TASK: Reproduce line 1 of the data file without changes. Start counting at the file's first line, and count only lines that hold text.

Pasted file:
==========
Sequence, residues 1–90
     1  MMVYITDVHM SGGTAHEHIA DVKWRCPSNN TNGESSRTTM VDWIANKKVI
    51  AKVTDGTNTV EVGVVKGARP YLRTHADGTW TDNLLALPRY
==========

Sequence, residues 1–90